Polar cold snap to bring subzero temperatures, snow to parts of NSW

A pair of Antarctic cold fronts will bring subzero temperatures and snow to parts of NSW this weekend.

Sydney will experience a dramatic 10 degree drop in just a few days, with Friday’s 30C weather giving way to temperatures in the low 20s by Monday.

On the NSW south coast, temperatures will drop in two stages as the cold fronts succeed each other.

Friday’s temperatures between 22 and 25 degrees will drop to around 20 degrees by Saturday, and then down to a low of 17 on Sunday.

Not far from the coast, the Canberra region will be much colder, with Saturday morning temperatures of around 5C before the mercury will be expected to hover around the zero mark by Monday.

“The really cold weather will come by Monday or Tuesday, that’s because the cold front brings cooler air, and the wind needs to settle down before it gets really chilly,” the Bureau of Meteorology’s Jiwon Park explained.

Unlike the capital, the coast will be buoyed by unseasonably warm water temperatures.

“The south coast will remain a bit warmer because of the influence of the water,” Mr Park said.

“We are seeing sea surface temperatures remaining slightly warmer than usual.”

In fact, with the ocean temperature remaining around the mid-20s around Batemans Bay, and a few degrees cooler at Merimbula, south coast residents who want to stay warm may want to hit the surf.

The places where the polar conditions will really be felt include the alpine region, Monaro, the ACT, the southern tablelands and parts of the central tablelands like the town of Oberon.

“In parts of those areas we may see temperatures dropping down to below zero degrees during the early part of next week,” Mr Park said.

“There might even be some snow in some parts.”

In the Southern Alps, the snow level could drop below 1200 metres above sea level.

Where it doesn’t snow, the next few days are expected to be drier overall then the beginning of the week, Mr Park said.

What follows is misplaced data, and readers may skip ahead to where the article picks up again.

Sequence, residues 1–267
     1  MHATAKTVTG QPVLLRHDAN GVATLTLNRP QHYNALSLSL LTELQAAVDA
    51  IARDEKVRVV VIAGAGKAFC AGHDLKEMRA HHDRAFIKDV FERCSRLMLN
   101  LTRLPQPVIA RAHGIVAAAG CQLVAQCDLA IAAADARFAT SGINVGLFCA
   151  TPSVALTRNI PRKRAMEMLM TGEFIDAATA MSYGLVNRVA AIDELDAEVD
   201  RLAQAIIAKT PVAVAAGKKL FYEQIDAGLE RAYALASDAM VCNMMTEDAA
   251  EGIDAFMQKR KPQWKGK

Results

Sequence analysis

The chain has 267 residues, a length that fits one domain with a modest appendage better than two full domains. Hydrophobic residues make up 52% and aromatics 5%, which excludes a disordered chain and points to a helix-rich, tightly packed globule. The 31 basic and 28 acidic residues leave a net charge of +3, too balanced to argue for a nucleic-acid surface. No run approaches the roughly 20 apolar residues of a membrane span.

“We’ve been under the influence of a moist easterly, and with the passage of the consecutive cold fronts from Friday to Sunday, there’ll be a replacement of that moist easterly by a cooler and drier southerly wind,” he said.

“It will be very dry.”

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La Nina officially ends, but strong Madden-Julian Oscillation to bring rain

La Nina has officially left the building.

The climate driver that has been largely responsible for a cool, wet summer over much of Australia, has – or is close to – dissipating, the Bureau of Meteorology has confirmed.

Its departure is around a month earlier than had been expected.

The once in a century rain event that soaked New South Wales and parts of Queensland, and led to three deaths, was likely its final push. It also led to one of the quietest bushfire seasons for years.

However, the Bureau has warned that while La Nina may have gone, another climate driver could still crank up the rain during the coming month and could lead to an uptick in tropical cyclones.

And there is good chance the La Nina could come back for an encore appearance after winter passes.

In a climate note, the BOM confirmed its El Nino – Southern Oscillation (ENSO) outlook had moved from La Nina to inactive. That means the climate driver is effectively in neutral – neither a La Nina nor an El Nino.

Other climate agencies have slightly different definitions of a La Nina – the US meteorological service still has a La Nina in place – but it is also likely to call an end to it in the coming weeks.

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The La Nina was called in September last year. And while it wasn’t hugely powerful in itself, it nonetheless led to some of the biggest weather impacts related to the climate driver for a decade.

Although the numbers around the 2020-21 La Nina have not yet fully been crunched, it’s likely March will have been one of the wettest on record in NSW.

This rain event was beyond what we were expecting,” Dr Ailie Gallant from the Monash University Climate Change Communication Research Hub told news.com.au.

“Ten years ago, in 2011, was a very strong La Nina. But this La Nina was very middle of the road, it wasn’t super weak or super strong.”

La Nina leads to quietest fire season for a decade

Today the NSW Rural Fire Service said it had been the quietest bushfire season since the strong La Nina year of 2010/11.

There were just 11 days of total fire bans in the state compared to 60 last year, said RFS commissioner Rob Rogers.

“Firefighters have responded to just over 5500 bush and grass fires burning 30,963 hectares across NSW, considerably less than the 11,400 fires and 5.5 million hectares lost last season.”